Boris Johnson facing prospect of ‘cash for votes’ inquiry after claims Tory whips blackmailed MPs

The cabinet secretary is being urged to investigate the allegations

Jon Stone
Policy Correspondent
Saturday 06 November 2021 23:27
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<p>The prime minister’s party was accused of using the prospect of cuts to blackmail its own MPs </p>

The prime minister’s party was accused of using the prospect of cuts to blackmail its own MPs

Boris Johnson is facing the prospect of a “cash for votes” inquiry into whether his party used public money to “blackmail” its own MPs.

During last week’s row over the Commons sleaze watchdog, the Conservative Party whips office was reported to have warned backbenchers their constituency areas would lose funding if they failed to vote with the government.

Now the cabinet secretary Simon Case is being urged to investigate the allegations – which opposition parties say would amount to a misuse of public funds.

The prime minister’s spokesperson did not deny the reports when questioned about them on Friday.

In a letter to Mr Case, Liberal Democrat leader Ed Davey said it appeared that the government was “consistently threatening to withhold vital investment from communities across the UK, in an effort to blackmail backbenchers into voting a certain way”.

Sir Ed said an official inquiry was “urgently needed into whether this government has misused public funds to try and get their own MP off the hook”.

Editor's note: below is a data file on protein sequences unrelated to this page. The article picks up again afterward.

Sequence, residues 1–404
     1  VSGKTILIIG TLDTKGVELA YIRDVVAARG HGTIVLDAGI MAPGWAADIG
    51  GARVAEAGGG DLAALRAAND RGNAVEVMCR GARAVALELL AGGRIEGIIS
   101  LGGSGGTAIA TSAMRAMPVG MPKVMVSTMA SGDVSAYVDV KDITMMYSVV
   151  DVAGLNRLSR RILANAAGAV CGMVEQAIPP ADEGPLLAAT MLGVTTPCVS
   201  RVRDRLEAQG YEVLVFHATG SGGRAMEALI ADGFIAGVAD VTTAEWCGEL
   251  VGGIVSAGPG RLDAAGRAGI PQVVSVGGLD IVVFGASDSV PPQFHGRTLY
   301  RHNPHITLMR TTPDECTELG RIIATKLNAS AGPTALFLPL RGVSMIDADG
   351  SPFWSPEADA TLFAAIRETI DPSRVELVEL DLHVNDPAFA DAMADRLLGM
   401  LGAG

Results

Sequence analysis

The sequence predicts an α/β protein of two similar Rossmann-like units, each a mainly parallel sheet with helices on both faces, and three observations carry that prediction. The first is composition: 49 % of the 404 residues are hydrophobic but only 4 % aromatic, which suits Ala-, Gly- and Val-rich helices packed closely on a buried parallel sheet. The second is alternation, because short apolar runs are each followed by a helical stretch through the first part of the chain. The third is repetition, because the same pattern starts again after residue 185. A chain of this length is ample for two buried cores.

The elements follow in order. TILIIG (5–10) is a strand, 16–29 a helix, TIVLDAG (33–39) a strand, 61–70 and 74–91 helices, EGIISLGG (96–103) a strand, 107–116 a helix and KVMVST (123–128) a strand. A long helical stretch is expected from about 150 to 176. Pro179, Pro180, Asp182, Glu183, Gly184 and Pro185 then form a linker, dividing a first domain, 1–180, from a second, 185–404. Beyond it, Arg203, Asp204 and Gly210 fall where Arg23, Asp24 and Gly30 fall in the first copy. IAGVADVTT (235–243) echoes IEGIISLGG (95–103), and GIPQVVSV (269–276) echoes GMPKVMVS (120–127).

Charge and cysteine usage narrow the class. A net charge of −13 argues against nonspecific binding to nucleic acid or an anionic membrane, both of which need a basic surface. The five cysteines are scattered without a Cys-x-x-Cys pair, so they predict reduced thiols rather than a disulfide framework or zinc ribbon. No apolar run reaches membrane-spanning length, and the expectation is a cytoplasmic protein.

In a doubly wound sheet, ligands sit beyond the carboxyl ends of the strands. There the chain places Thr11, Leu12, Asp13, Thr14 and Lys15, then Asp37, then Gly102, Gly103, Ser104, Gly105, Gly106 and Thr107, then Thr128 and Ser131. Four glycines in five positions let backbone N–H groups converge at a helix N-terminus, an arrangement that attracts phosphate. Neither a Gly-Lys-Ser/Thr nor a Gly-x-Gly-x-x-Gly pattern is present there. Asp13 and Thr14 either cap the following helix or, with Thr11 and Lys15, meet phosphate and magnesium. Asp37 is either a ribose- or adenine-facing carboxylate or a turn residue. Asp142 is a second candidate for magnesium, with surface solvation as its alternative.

He added: “It is unthinkable that local communities would be punished by having vital funding taken away, just because their MPs refused to defend the indefensible.

“This would be a new ‘cash for votes’ scandal, using families and businesses as political bargaining chips to save the prime minister’s blushes.

“Boris Johnson keeps promising to level up, but instead he is dragging our politics to new lows.”

The government has also been criticised after it was revealed that its £4.8bn “levelling-up” fund funnelled cash to Conservative-voting areas by ignoring standard measures of deprivation and poverty when deciding where money should go.

The vote the MPs were allegedly threatened into backing was over whether to abolish the Commons corruption watchdog and replace it with a committee with an in-built Tory majority.

It also decided whether or not Tory MP Owen Paterson, who was found to have broken lobbying rules by lobbying on behalf of companies that paid him tens of thousands of pounds and has since resigned, should face any consequences for breaking the rules.

The cabinet secretary is expected to respond to Sir Ed’s letter about the claims on last week’s whipping operation in due course.

Mr Case was appointed to his role in September 2020 and was previously Mr Johnson’s Downing Street permanent secretary.

A government spokesperson said: “As the prime minister has said, paid lobbying and paid advocacy by ministers and MPs is absolutely wrong. All elected officials must abide by the rules of conduct, as the public have a right to expect.”

Mr Johnson said at Prime Minister’s Questions this week that those “found guilty of [paid lobbying] should apologise and pay the necessary penalties”.

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